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Crime And Punishment

A novel excerpt by Russell Bittner

It might otherwise have been a short journey from the osterìa to their hotel, but they wanted to savor every step. Between the clip of the cobblestones underfoot and the hammer of the mid-day sun overhead, not to mention the wine and Grappa swimming languorously in between, Kit and Daneka somehow managed to bob and weave their way first through the piazza—already beginning to thin out as vendors exhausted their one-day provision of flowers, vegetables or fruit, and so packed themselves, their new supply of cash, and their remaining belongings into small spaces in some means or other of transport and headed back out to the country for an afternoon and evening of simple domestic quiet far from the oppressively crowded marketplace—and through the throng of hawkers, buyers, sellers, gawkers, children, babies, signorinelle with a plan, pensionati without a plan, tourists without a clue, cyclists, ventriloquists, artists, other lovers, dancers, necrophiles, necromancers, philosophers, and nut-cases—in short, a sampling of the whole human race with its various and crushing thoughts, desires, likes, dislikes, expectations, illusions, delusions, confusions, and smells—then rounded the corner into the Via dei Cappellari, at which point they spied the front door of their hotel.

Finally free of the crowd, Daneka felt the rush of open space and dropped her guard. As they walked out from between two parked cars into the street at a spot just diagonally opposite the hotel entrance, she craned her neck to give Kit a kiss on the cheek. At the same instant, a motor scooter approached on her outside flank. The driver navigated his scooter with the precision of a sharpshooter aiming through a scope at a two-inch target a hundred yards off: there was no allowable margin of error between the parked car on his right and Daneka on his left. His accomplice, another even younger kid, rode with one arm circling the driver’s waist. With his free arm, the accomplice swooped in like a falcon and snatched Daneka’s purse from her shoulder.

The scooter accelerated. It was already thirty yards off before Daneka realized she’d been robbed and hollered without reserve: “Al ladro!”

There was no need. A pair of shopkeepers at the far end of the street, out for a smoke and a chat, had seen the whole thing start to finish. As if reacting on instinct to a scenario they had witnessed many times before, they quickly armed themselves with the tools they used to roll their awnings up each day at the close of business, taking them in hand like javelins. One of the two men crossed the street to the opposite side. They waited, and when the scooter finally passed by, each thrust his tool, now a weapon, into its spokes. The fine, metal spokes of a kid’s motor scooter were no match for the angry iron spikes in the hands of two defenders of a woman’s virtue and property. The scooter upended, sending its two occupants off and up, then slid on gracefully and eventually came to a mangled stop. Its two occupants flew through the air like plastic bags scooped up by a sudden draft and slammed into the rear window of a parked car, shattering it. That same impact likely shattered several of their bones, but the shopkeepers paid no attention to the agony of the pair of young thieves. Instead, their eyes scoured the area for the location of Daneka’s purse.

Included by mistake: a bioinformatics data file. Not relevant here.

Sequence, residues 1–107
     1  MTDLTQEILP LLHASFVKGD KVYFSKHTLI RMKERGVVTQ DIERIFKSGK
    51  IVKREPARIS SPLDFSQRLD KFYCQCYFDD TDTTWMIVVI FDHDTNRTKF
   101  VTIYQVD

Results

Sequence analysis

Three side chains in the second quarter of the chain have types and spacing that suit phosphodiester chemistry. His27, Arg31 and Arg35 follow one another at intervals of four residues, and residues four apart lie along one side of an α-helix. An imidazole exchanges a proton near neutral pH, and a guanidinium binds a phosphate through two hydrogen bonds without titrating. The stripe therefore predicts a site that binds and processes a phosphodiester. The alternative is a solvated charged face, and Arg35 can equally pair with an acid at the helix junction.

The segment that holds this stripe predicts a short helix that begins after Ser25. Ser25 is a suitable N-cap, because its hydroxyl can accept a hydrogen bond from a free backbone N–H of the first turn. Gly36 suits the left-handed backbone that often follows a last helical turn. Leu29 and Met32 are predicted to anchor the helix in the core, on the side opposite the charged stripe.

They spotted and retrieved it, then walked the hundred yards from where it had lain to where Daneka stood and presented their booty. Kit marveled to see the quick transition. Just moments earlier, two warriors bent on vengeance if not precisely on murder; now, those same fierce warriors meek and apologetic, as if they had committed the crime, or had somehow been involved in its perpetration.

Daneka was equally quick to show her gratitude. What she said to them, or they to her, flew by Kit like gibberish. It was, in any case, clear she wanted to offer them something, some token of her appreciation. They refused. They were merely honorable men, behaving as honorable men should, in times that sorely tested notions of honor.

Eventually they bowed, welcomed both Kit and Daneka to Rome, wished them an enjoyable stay—if possible, without any further such unpleasantness—then shook hands and left. Kit knew his first attention should be to Daneka; after all, she’d been the victim. However, he couldn’t get his mind off the two kids.

“Are you all right, Daneka?” he finally asked.

“I thought you’d never ask!” she barked peevishly. It was rare for Daneka to complete a sentence or a question without first making sure that the caboose of “darling” was firmly attached at the end. Leaving it sidetracked suggested to Kit intentional negligence, or worse, anticipation of a wreck up ahead.

“Look, I know this kind of thing is distressing. I’m sympathetic. Really. But I’m also wondering about those two boys. They’re probably in bad shape. I need to do something.”

“Why do you need to do something about them? Why can’t you do something about me for a change? They’re fucking criminals, for Christ’s sake. They just didn’t get away with it this time.”

Kit was torn between Daneka’s clear yet callous logic and the need, his personal need to help two young kids, however he could, out of a life-threatening situation. As he glanced first at Daneka— apparently at least as angry with him as she’d been, moments earlier, with her two assailants—then up the street to where the halves of two bodies dangled out of the smashed rear window of a parked car, he remained torn. The upshot? He stood motionless, pinioned to the spot by the weight of his indecision.

As the same moment, he saw one of the shopkeepers violently kick the rear bumper of the car out of which the kids’ bodies half-hung, and he heard the same man give voice to his anger: “Cazzi napoletani!” he cursed, and Kit instantly recognized that other, larger, centuries-old prejudice of northerners towards southerners. They could indeed be gracious, chivalrous, in all manner, perfect gentlemen to a light-skinned woman whose personal sanctuary, whose private fucking property, had just been violated. But they could be equally quick, equally ruthless, equally pig-headed, and yes—he allowed himself to draw the mental comparison—equally red-necked in rushing to assign guilt to half the population of an entire country for one act of villainy committed by an isolated pair of individuals. And why? Because those two individuals were obviously poor, probably unskilled, untrained, ill-prepared, hungry, and, most obvious of all, darker-skinned.